In-Home Ethnographic Research Using Smartphones

Conducting ethnographic research on your consumer base gives your organization a much deeper understanding of who your customers are and what is important to them. With this information, your business is able to better anticipate consumer needs, and provide everything from products and services to company information and customer support, in the way that is most effective for building lasting relationships. In order to gain this insight into how your target audience thinks and feels, it is necessary to complete online market research that captures customers’ attention in the moment, so you get real-time information that leads to actionable intelligence. Using smartphones, research firms are able to conduct in-home ethnographic research for less money and in a shorter timeframe than other methodologies. In the past, ethnographic research has entailed sending a whole team of people to the consumer’s home to observe the specifics of their home environment and, perhaps, the ways in which they use certain products or services. This meant sending the moderator, a videographer, and one or more of the client team to the consumer’s home. It’s expensive, time, consuming and intrusive. The smart phone, with it’s video and audio capabilities, gives the researcher and client team a non-intrusive way to be in the consumer’s home. The consumer can even give them a tour of their entire home environment and even introduce them to other members of the family and so on.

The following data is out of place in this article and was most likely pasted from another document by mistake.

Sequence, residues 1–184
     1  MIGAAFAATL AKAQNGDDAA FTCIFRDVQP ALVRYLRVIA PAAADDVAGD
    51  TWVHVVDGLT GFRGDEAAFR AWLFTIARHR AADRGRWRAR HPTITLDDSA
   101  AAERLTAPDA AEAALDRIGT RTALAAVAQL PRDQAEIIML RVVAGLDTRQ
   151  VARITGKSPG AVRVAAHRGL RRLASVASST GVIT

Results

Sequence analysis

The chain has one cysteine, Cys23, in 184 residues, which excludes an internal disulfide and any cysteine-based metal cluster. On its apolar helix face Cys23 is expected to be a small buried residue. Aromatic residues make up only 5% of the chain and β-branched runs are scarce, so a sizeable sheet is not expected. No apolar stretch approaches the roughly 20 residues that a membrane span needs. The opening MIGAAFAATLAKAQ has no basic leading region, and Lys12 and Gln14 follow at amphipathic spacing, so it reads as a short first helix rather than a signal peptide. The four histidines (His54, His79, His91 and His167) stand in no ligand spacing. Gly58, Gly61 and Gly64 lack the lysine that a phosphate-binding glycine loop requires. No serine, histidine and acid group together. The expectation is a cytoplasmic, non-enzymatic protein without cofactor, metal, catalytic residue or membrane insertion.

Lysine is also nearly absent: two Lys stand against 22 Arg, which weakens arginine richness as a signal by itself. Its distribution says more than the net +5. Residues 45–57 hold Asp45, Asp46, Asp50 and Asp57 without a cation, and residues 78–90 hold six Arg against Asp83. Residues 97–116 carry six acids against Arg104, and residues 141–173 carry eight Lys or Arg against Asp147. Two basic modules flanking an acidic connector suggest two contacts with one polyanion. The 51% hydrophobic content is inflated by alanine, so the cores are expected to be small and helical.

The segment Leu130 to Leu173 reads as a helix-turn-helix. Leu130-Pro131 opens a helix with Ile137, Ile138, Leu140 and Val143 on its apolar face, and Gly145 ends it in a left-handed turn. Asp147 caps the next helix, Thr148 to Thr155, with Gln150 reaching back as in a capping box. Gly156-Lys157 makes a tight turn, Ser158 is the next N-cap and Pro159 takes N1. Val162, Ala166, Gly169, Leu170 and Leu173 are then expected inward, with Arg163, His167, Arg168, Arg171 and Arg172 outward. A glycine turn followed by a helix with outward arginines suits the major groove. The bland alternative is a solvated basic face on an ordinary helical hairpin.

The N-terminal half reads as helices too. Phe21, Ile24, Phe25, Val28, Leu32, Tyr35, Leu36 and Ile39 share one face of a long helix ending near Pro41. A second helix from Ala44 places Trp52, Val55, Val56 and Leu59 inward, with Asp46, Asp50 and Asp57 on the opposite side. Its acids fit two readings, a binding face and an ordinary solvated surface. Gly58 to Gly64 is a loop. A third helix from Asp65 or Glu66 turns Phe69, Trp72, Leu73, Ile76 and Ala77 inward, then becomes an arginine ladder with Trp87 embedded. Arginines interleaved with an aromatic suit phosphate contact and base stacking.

Phone in hand

The Benefits of In-Home Research Using Smartphones

In order to get the qualitative and quantitative data your organization is looking for, it is necessary to reach consumers where they are most comfortable. At home, consumers can participate in research studies at a time that is most convenient for them. This creates an environment in which participants can open up freely and allows greater access for researchers to achieve their objectives.

The benefit of using smartphones during the research process is that a team can reach consumers no matter where they are. Whereas telephone surveys or in-person interviews require consumers to be in a specific place at a specific time, smartphone data can be accessed by researchers at any time. Participants can record videos using their phone or take photos as part of an assignment, and then upload them for the study in order to provide a more detailed picture into their lives. For example, a study gauging how consumers use a new home appliance will be more substantive when participants can show researchers, rather than providing only oral or written responses to questions.

Following Up with Focus Groups and Multi-Day Interviews

It is important to gather all of the qualitative and quantitative data possible during a research study so that an organization can have useful information about its target audience moving forward. After collecting data via a participant’s smartphone, it is highly beneficial to conduct follow-up online market research with in-depth individual interviews, focus groups, or multi-day discussions.

Additionally, by assigning participants small projects to complete using their smartphone over the course of a focus group session, businesses open up new opportunities to connect with their audience and learn more about each and every customer. This helps build profiles that can be used when projecting how a new product or service will be received by the market, and how individuals can be reached through public relations and marketing efforts.

Smartphone videos, photos, and audio recordings give insight into how a consumer feels about a product or topic in the moment. This gives a clearer picture to researchers and overcomes the obstacle of people having to recall specific emotions, sometimes days after an event. To learn more about using smartphones when conducting ethnographic studies, contact an expert at e-FocusGroups today, at (707) 585-7363.